MediaMath looks at strategic alternatives; Safeguard Scientifics still owns 13.3%

Tom Paine

The Wall Street Journal ran a story yesterday that said New York-based online ad-buying marketplace MediaMath is exploring strategic options amid an uptick in its market. MediaMath is one of the few independent DSPs (Demand-Side Platforms) left.

MediaMath was one of Safeguard Scientific’s largest portfolio holdings (and still is). Safeguard invested $15.6 million in MediaMath between 2009 and 2010 and accumulated a 22% stake. When the decision to begin gradually divesting its portfolio was made in 2018, Safeguard completed in July 2018 the sale of 39.1% of its 22% ownership position in MediaMath back to MediaMath for $45.0 million in cash. The repurchase represents the equivalent of an implied cash-on-cash return of 4.5x on Safeguard’s 39.1% ownership position. It reflected a total valuation for MediaMath of $523 million.

MediaMath had the right to repurchase an additional 10.9% of Safeguard’s ownership position on or before the 180 day anniversary of the initial repurchase for $12.5 million in cash. However, that date has long passed and Safeguard still owns a 13.3% stake as of the end of its first quarter 2021.

I couldn’t find a current valuation estimate for MediaMath, but my guess is its next valuation will be significantly higher than the $523 million at which Safeguard sold in 2018. But that’s only a supposition, and MediaMath faced significant risk during the pandemic so I don’t think you can criticize Safeguard much for taking the money when it did. And Safeguard may still receive a good gain when the remaining 13.3% is sold.


Ex-Safeguard Scientifics exec caught in middle of AWS /Google Cloud wars (Update: Resolution)

The case of Phillip Moyer moving from AWS to Google Cloud, which I covered earlier… via @theregister

Tom Paine

Phillip Moyer, former SR VP and Managing Director of Safeguard Scientifics, departed Safeguard in 2016 to get more directly into the Cloud industry, joining leader AWS as Managing Director, Americas Financial Services Sales.

Moyer, also a Microsoft veteran and former CEO of two companies, was not hired to just sell slices of server time. Rather, he was developing overarching , value added vertical sales strategies. By the time he resigned in 2019, he had 13 direct reports and managed 100 employees.

In a 2018 interview with the website PYMNTS, Moyer described what his financial services group was trying to accomplish for AWS: “’Today, if you want to launch a financial services product, very, very few (of them) are regional anymore,” he said. Web and mobile channels enable businesses to reach across all kinds of borders, basically amounting to leaving money on the table if firms do not try to win revenue from as many markets as possible.” AWS could give smaller banks the tools needed to compete with larger banks, for instance, in the area of compliance.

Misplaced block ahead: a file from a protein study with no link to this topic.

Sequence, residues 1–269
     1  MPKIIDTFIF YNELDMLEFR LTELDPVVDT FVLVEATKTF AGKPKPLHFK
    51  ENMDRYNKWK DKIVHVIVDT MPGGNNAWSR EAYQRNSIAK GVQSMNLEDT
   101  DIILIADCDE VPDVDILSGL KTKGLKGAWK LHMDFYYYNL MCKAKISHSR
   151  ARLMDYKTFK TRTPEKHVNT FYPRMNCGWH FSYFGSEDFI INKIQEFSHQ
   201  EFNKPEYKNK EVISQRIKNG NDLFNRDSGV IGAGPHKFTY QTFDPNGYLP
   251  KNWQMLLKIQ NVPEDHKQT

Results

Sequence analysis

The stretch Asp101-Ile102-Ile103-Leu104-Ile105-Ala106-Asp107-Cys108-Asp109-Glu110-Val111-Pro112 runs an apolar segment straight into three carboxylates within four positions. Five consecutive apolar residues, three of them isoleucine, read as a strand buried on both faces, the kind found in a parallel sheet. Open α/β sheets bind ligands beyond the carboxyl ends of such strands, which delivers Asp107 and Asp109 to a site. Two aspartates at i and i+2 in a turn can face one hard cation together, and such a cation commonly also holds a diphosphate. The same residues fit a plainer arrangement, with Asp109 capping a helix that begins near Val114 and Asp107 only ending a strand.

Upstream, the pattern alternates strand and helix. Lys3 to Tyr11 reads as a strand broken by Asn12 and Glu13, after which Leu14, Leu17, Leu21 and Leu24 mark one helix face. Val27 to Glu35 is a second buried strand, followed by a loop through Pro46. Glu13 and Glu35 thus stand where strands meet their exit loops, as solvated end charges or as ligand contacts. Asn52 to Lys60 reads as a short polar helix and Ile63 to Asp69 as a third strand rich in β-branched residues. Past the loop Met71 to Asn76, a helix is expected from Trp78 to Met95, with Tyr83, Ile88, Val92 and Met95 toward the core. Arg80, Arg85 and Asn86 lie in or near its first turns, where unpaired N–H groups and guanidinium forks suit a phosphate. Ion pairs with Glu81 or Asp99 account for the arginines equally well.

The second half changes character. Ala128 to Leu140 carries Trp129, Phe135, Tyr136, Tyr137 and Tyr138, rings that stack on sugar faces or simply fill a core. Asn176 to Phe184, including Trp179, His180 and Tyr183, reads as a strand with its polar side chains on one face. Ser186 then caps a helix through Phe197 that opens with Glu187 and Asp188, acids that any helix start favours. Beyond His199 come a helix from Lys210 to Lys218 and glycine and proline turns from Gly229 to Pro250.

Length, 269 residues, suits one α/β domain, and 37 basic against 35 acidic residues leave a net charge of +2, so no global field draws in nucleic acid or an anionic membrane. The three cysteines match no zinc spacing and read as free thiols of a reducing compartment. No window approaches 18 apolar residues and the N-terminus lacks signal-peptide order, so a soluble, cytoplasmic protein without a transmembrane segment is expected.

But Google Cloud had finally determined that it needed real sales pros out there to compete, and began recruiting heavily. Senior SAP executive Rob Enslin joined as head of customer operations in April. It hired Moyer to head up a similar effort (as at AWS) for healthcare. His last day at AWS was on May 22.

But Moyer had signed one of those tricky non-competes when he joined AWS, designed to keep him away from competitors for 18 months. And AWS sued.

The extent and enforceability of non-competes is generally shrinking. Even though Moyer, who resides in Berwyn according to court filings, lives in Pennsylvania where non-competes are less strenuous, the laws in Washington State which govern Moyer’s contract are tougher.

“Moyer’s role in Google cloud will necessarily involve strategy regarding sales of and improvements for Google’s current or future cloud offerings, and will therefore threaten the disclosure of Amazon’s highly confidential information and breach the Noncompetition Agreement,” AWS asserted in its complaint

These cases, generally, reach some kind of settlement within months, and Mr. Moyer will likely be allowed to go on with his work. Sometimes there are itemized restrictions (ie, can’t talk to certain companies, can’t say certain things) attached.